Carly Rousso was charged with four counts of aggravated driving under the influence and two counts of reckless homicide following the death of Jaclyn Santos-Sacramento, who was walking with her family when the car Rousso was driving ran onto the sidewalk and hit her. Rousso has pled not guilty.
Toxicology reports indicate that the compound difluoroethane was detected in Rousso's blood. It’s found in a commercial cleaning product uncovered in Rousso's car at the time, according to police.
Last week, her lawyer filed a motion asking the judge to dismiss the four aggravated DUI charges — two of which are the most serious of the charges against her — because difluoroethane is not listed as an intoxicant under Illinois statute.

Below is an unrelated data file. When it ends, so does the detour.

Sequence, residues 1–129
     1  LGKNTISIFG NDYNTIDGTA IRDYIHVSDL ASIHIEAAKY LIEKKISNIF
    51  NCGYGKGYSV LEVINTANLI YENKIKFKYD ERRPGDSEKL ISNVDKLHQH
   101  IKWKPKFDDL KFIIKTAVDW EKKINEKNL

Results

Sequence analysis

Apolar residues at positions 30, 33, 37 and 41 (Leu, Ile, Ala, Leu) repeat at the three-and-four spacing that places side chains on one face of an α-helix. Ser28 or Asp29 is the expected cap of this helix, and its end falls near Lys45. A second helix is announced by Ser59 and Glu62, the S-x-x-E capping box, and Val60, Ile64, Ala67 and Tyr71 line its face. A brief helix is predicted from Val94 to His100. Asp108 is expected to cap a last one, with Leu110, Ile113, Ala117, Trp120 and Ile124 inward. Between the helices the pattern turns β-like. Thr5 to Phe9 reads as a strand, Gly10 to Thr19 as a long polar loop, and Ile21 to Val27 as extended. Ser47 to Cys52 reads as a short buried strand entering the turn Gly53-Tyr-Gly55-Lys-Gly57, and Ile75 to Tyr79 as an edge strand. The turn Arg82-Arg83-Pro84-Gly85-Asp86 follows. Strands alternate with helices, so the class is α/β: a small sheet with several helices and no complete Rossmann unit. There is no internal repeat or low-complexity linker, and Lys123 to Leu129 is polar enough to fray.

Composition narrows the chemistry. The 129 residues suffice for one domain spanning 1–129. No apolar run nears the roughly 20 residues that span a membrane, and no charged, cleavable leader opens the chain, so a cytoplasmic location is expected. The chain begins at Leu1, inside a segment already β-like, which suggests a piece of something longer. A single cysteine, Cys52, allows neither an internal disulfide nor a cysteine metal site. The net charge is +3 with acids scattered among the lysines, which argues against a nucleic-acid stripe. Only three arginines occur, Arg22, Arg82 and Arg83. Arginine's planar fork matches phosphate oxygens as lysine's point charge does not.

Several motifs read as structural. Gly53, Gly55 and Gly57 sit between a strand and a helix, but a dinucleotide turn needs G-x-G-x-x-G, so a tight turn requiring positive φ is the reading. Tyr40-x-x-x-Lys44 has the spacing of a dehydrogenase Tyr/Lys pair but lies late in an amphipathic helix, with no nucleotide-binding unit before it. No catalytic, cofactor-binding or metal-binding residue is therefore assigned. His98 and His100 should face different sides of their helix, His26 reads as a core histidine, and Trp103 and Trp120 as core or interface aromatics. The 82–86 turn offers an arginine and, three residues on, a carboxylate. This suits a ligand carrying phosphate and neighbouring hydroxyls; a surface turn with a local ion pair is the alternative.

Northwestern Law Professor Joe Margulies told Patch that Rousso’s lawyer was correct in asking for the dismissal.
“You do not scoff on constitutional rights as a technicality,” Margulies said. “Constitutional rights are not a technicality and shame on the public for saying this kind of stuff.”
Rousso’s lawyer said in court last week that the law under which Rousso was charged is unconstitutional because it is vague. Based on the statements in the motion, Margulies agrees.
“If the defense is correct, the statute is unconstitutionally vague,” he said.
If the motion is successful, Rousso would face substantially less jail time. Aggravated DUI involving death carries a sentence of four to 15 years and no probation if aggravation can be proved at trial. Reckless homicide carries a penalty of three to seven years with the possibility of probation.
Reporting by Steve Sadin